"Somehow, this place has been advertised across the country and at the border as the place to go," Bolerjack explained. "And you know, I can take great pride in that. And yet, I'm kind of embarrassed when they arrive after a long, traumatic journey and we have to say, 'You have to sleep in a wet, soggy tent.'"

In winter, when temperatures in the area dropped below zero, hundreds of asylum-seekers were temporarily moved from tents to local hotels. Some refused to return to the encampment, asking lawmakers for help.

State Representative Mia Gregerson is working to improve the state’s response to the crisis with legislation to better coordinate migrant services. Speaking with VOA at her office in the state capital, Olympia, she said that despite Tukwila’s tradition of welcoming newcomers, the community of fewer than 22,000 people shouldn’t be pushed to shoulder the crisis on its own.

"I think they're really rolling up their sleeves well and making a go of it," Gregerson said. "But there is a lot of uncertainty. What are we going to do when the funds run out?"

She said processing asylum cases is often complicated by different immigration statuses within a family. The bill she introduced with 18 co-sponsors seeks to empower the state’s Office of Refugee and Immigrant Assistance.

"The idea is that the office is able to be nimble and utilize resources quickly to not only put them into the system for legal advice that's correct and factual, or quickly get them the education resources, transportation needs, and housing vouchers," Gregerson said. "And we need to maintain that contact with them so we can help them through the system. Otherwise, they may fall victim to other types of issues."

Washington Governor Jay Inslee’s current budget includes $5 million in new funding for the Office of Refugee and Immigrant Assistance to expand support services for newly arriving people who do not qualify for federal refugee resettlement program services. A separate request for $3.4 million is meant to help provide transitional and long-term housing support to asylum-seekers in the county around Seattle.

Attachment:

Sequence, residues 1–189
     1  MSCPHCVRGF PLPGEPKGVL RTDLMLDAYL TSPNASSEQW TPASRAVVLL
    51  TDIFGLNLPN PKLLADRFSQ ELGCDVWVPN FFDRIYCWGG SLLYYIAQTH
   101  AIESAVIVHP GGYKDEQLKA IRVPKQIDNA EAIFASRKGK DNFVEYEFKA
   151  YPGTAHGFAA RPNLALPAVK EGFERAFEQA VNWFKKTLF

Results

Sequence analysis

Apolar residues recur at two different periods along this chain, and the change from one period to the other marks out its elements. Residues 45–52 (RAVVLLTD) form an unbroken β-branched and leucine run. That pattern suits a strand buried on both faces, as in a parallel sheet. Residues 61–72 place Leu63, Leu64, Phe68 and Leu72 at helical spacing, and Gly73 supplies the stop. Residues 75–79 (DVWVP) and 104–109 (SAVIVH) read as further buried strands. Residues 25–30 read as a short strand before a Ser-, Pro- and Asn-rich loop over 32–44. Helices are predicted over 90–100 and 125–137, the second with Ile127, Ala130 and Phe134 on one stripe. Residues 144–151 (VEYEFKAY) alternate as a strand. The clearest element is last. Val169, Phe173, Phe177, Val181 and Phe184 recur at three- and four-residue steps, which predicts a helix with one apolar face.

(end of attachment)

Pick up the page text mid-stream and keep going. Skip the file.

Volunteers at Riverton help asylum-seekers complete the required paperwork in English. In the past year, Bolerjack said just one person won their asylum case and obtained a work permit.

That has not diminished the optimism of Jeremiah Lefau, who said he left Angola with his wife and three children in December 2022 because of insecurity in his country. They lived at Riverton for four months before they were approved for family shelter. The children are enrolled in local schools along with more than 100 young asylum-seekers. Lefau is taking English classes and volunteers at the church.

"I feel good about the future," he said. "Now, we need to help others as the church helped us."

Eurice, from Venezuela, hopes to return to her country someday.

"My family is still there. I miss them," she said. "I hope to stay here as long as necessary to be safe, and I thank the United States for this opportunity they are giving us. But I have faith that one day my country will be able to repair itself so I can return."

Meanwhile, the Biden administration is advancing measures making it more challenging for asylum-seekers to stay in the U.S.